Intelligence is a form of energy, a force that pushes out into the world. It makes its mark, not once but continuously. It is curious, penetrating. Without the light of public life, discourse, and action, it dies. It must have a field of action beyond embroidery or scrubbing toilets or wearing fine clothes. It needs response, challenge, consequences that matter. Intelligence cannot be passive and private throughout a lifetime. Kept secret, kept inside, it withers and dies. The outside can be brought to it; it can live on bread and water locked up in a cell - but barely. Florence Nightingale, in her feminist tract Cassandra, said that intellect died last in women; desire, dreams, activity, and love all died before it. Intelligence does hang on, because it can live on almost nothing: fragments of the world brought to it by husbands or sons or strangers or, in our time, television or the occasional film. Isolated, intelligence becomes like the bloated belly of a starving child: swollen, filled with nothing the body can use. It swells, like the starved stomach, as the skeleton shrivels and the bones collapse; it will pick up anything to fill the hunger, stick anything in, chew anything, swallow anything. 'Jose Carlos came home with a bag of crackers he found in the garbage,' wrote Carolina Maria de Jesus, a woman of the Brazilian underclass, in her diary. 'When I saw him eating things out of the trash I thought: and if it's been poisoned? Children can't stand hunger. The crackers were delicious. I ate them thinking of the proverh: He who enters the dance must dance. And as I also was hungry, I ate.' The intelligence of women is traditionally starved, isolated, imprisoned.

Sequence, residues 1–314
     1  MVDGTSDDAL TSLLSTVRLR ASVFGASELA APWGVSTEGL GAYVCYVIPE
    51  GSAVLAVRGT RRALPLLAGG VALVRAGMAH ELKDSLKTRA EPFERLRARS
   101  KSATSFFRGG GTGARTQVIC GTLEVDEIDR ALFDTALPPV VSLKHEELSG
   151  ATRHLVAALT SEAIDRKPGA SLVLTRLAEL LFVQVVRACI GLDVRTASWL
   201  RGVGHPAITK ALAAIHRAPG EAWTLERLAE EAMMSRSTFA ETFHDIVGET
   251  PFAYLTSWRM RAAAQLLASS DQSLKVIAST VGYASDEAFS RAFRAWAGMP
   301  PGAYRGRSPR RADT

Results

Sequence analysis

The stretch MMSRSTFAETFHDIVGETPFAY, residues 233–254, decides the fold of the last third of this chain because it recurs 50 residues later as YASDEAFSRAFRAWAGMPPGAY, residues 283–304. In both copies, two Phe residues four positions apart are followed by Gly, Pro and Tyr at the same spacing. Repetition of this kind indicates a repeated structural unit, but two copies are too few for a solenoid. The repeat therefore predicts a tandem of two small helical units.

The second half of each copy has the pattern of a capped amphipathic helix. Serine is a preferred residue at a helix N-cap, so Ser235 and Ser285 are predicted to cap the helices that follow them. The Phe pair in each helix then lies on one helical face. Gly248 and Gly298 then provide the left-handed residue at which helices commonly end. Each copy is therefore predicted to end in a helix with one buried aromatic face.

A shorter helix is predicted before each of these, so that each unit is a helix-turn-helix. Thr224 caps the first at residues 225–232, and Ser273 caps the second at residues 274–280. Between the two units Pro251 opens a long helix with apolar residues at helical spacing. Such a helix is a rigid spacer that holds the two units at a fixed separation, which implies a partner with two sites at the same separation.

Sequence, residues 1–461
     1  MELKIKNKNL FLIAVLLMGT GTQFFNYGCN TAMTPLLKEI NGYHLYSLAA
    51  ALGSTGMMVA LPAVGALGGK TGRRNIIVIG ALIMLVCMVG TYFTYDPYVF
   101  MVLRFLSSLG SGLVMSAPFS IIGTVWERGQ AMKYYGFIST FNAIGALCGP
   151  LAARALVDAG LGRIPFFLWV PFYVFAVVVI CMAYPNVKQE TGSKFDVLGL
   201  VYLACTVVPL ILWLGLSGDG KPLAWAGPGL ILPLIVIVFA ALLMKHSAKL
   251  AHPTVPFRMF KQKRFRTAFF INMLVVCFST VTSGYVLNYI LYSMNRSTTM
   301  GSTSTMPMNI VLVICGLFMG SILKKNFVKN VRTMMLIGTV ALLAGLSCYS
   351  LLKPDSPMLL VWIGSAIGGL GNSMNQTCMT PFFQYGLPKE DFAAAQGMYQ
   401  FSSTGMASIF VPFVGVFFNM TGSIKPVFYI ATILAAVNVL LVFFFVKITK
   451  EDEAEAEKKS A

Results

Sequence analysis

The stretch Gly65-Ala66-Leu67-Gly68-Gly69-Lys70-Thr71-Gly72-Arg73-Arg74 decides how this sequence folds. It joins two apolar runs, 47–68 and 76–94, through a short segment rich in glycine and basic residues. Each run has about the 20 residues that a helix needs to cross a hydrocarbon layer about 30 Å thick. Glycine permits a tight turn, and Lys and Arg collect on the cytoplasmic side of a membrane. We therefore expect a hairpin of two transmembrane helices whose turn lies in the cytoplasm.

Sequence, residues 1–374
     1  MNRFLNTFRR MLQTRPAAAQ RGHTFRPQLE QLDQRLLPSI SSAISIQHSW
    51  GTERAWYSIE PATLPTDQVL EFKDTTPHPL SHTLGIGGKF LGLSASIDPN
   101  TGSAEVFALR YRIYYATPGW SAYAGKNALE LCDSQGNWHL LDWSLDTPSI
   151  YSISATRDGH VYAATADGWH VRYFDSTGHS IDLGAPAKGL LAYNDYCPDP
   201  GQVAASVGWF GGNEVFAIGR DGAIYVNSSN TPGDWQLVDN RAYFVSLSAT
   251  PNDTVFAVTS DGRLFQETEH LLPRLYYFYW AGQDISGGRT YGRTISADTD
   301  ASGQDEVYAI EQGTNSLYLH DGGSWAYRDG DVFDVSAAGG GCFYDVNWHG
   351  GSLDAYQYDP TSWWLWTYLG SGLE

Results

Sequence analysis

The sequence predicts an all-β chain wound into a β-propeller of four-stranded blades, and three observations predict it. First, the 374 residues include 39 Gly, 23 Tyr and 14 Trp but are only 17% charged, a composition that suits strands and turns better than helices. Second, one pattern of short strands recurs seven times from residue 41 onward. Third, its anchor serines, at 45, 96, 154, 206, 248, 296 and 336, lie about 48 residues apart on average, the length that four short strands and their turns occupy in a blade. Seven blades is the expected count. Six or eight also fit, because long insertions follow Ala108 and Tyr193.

Andrea Dworkin, Right Wing Women, 1983